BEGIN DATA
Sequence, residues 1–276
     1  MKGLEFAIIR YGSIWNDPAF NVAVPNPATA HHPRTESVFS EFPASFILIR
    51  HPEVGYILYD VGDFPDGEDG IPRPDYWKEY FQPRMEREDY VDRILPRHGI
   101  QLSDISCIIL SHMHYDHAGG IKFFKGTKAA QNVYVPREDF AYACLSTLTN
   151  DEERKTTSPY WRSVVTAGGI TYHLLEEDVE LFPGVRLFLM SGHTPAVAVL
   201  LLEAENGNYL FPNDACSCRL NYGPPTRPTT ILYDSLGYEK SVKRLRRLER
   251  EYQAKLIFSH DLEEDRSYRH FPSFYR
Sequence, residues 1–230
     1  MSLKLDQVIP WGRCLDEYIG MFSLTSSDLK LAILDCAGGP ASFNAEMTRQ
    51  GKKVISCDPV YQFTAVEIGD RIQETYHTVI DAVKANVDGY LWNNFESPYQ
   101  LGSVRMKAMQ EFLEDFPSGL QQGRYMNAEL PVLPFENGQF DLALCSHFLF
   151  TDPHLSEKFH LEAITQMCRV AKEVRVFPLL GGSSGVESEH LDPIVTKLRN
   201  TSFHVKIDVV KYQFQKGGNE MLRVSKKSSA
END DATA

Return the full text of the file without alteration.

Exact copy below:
Sequence, residues 1–276
     1  MKGLEFAIIR YGSIWNDPAF NVAVPNPATA HHPRTESVFS EFPASFILIR
    51  HPEVGYILYD VGDFPDGEDG IPRPDYWKEY FQPRMEREDY VDRILPRHGI
   101  QLSDISCIIL SHMHYDHAGG IKFFKGTKAA QNVYVPREDF AYACLSTLTN
   151  DEERKTTSPY WRSVVTAGGI TYHLLEEDVE LFPGVRLFLM SGHTPAVAVL
   201  LLEAENGNYL FPNDACSCRL NYGPPTRPTT ILYDSLGYEK SVKRLRRLER
   251  EYQAKLIFSH DLEEDRSYRH FPSFYR
Sequence, residues 1–230
     1  MSLKLDQVIP WGRCLDEYIG MFSLTSSDLK LAILDCAGGP ASFNAEMTRQ
    51  GKKVISCDPV YQFTAVEIGD RIQETYHTVI DAVKANVDGY LWNNFESPYQ
   101  LGSVRMKAMQ EFLEDFPSGL QQGRYMNAEL PVLPFENGQF DLALCSHFLF
   151  TDPHLSEKFH LEAITQMCRV AKEVRVFPLL GGSSGVESEH LDPIVTKLRN
   201  TSFHVKIDVV KYQFQKGGNE MLRVSKKSSA